Use a social account for faster login or easy registration.

Laser Sight for Bow Fishing Question

  • boone
    Participant
    Woodbury, MN
    Posts: 827
    #1958006

    Looking for opinions about using a laser sight for bow fishing. Do they work as advertised? What should I look for when purchasing one? According to the suppliers, the laser beam bends in the water so it doesn’t matter if the fish is on the surface or a few feet deep. If the dot is on the fish, you should be able to hit it.

    My boy and I went out Wednesday evening and had a lot of chances but only managed to hit two. Often times we’d think we made a good shot judging but the line of bubbles as the arrow entered the water but we’d end up missing.

    Maybe we just need to spend some time trying to hit submerged, suspended targets a couple feet under the water. We’ve got our pin adjusted so we hit targets floating on the surface and then try to adjust for submerged fish by aiming a little below them. I’m hoping the laser will eliminate the guessing game of how low to aim.

    Thanks,

    Boone

    catmando
    Participant
    wis
    Posts: 1809
    #1958060

    Have you tried no pins, used to do that with a recurve, practice practice.

    boone
    Participant
    Woodbury, MN
    Posts: 827
    #1958095

    Have you tried no pins, used to do that with a recurve, practice practice.

    We have spent some time practicing but the water we practice on has relatively little clarity (the Mississippi) so we haven’t been able to practice shooting deeper than a foot or so. On Wednesday we were on the Croix which has much better clarity and some of the shots were deeper. We’ve also practiced on dry land by taking the barbed tip off the arrows and shooting into a foam block. We practice shooting both instinctively and using the pin.

    I agree, success shooting anything from sling shots to rifles comes with practice practice.

    Huntindave
    Participant
    Shell Rock Iowa
    Posts: 2563
    #1958306

    Googled your question, result;
    Laser light shown passing into a hemi-cylindrical dish filled with water. The light enters the water (at the curved side of the dish) along the normal line; no bending occurs upon entry. The light continues through the water along a straight line until it reaches the boundary with air (at the flat side of the dish).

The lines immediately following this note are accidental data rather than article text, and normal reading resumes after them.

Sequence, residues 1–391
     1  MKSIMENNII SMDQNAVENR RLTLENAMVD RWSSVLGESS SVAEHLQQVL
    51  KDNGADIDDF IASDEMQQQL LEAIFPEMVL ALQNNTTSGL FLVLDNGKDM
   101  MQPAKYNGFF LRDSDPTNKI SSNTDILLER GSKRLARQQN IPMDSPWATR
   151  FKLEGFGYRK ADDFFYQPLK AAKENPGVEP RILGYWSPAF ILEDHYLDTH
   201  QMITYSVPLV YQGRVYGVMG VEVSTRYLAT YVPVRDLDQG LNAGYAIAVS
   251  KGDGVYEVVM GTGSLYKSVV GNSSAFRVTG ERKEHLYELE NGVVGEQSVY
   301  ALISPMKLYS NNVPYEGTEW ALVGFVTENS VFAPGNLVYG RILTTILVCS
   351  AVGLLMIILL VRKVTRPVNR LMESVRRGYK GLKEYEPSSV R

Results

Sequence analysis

I’m not exactly sure from reading this, but it seem to me the lazer beam would also not be bent, when entering river water.

    tornadochaser
    Participant
    Posts: 740
    #1958408

    fill some 1 liter or 2 liter pop bottles with sand. Tie on 6 foot of trilene 20 pound big game mono to the neck, and tie a float onto the other end, leaving a 4″ loop off the float. Throw them out off a dock, and practice shooting them at various depths from 1-5′ deep with a barbless arrow. When done, use a decoy retreiver to hook the float loops and pull them back in. After enough practice, you’ll be able to know you’re “lead” on fish at various depths. It takes practice, but it’s worth it. I started out at age 14 only shooting carp that had their backs out of the water because I was worthless at hitting anything deeper, before an old timer taught me this practice method.

    boone
    Participant
    Woodbury, MN
    Posts: 827
    #1958452

    Dave,

    If the laser hits the surface of the water perpendicularly (a.k.a. along the normal line), it will not bend. But if it hits at an angle, it will bend. Notice how high vis fishing line appears to bend upward towards the surface as it enters the water? This is because water and air have different refractive indices. The fishing line does not really bend upward towards the surface as it enters the water. It just appears higher in the water than it really is. The same thing happens when we look at a carp under water… the carp appears higher than it really is. That’s why you have to aim “under” the carp to hit it.

    The theory with a laser is that it will bend when it enters the water but if the dot is on carp, that will account for the carp appearing to be higher in the water than it actually is. The laser is adjusted so the dot hits where the arrow is hitting the surface of the water.

    Or as TC explained, just practice hitting under-water, suspended targets that are floating up off the bottom. I’ll have to ask my neighbor if I can use his pool…after the all kids are out of course.

Viewing 6 posts - 1 through 6 (of 6 total)

You must be logged in to reply to this topic.